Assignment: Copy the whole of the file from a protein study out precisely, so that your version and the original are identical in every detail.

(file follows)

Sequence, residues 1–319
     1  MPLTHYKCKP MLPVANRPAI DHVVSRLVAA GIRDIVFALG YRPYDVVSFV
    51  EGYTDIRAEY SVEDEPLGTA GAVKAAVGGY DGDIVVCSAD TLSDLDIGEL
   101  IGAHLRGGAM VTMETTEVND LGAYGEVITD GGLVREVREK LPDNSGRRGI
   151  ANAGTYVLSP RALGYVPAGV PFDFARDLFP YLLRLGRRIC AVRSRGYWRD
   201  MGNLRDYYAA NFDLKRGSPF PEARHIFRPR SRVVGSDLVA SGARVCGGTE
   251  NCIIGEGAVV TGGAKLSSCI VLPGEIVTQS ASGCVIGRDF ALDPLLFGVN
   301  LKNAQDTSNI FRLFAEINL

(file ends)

Sequence, residues 1–319
     1  MPLTHYKCKP MLPVANRPAI DHVVSRLVAA GIRDIVFALG YRPYDVVSFV
    51  EGYTDIRAEY SVEDEPLGTA GAVKAAVGGY DGDIVVCSAD TLSDLDIGEL
   101  IGAHLRGGAM VTMETTEVND LGAYGEVITD GGLVREVREK LPDNSGRRGI
   151  ANAGTYVLSP RALGYVPAGV PFDFARDLFP YLLRLGRRIC AVRSRGYWRD
   201  MGNLRDYYAA NFDLKRGSPF PEARHIFRPR SRVVGSDLVA SGARVCGGTE
   251  NCIIGEGAVV TGGAKLSSCI VLPGEIVTQS ASGCVIGRDF ALDPLLFGVN
   301  LKNAQDTSNI FRLFAEINL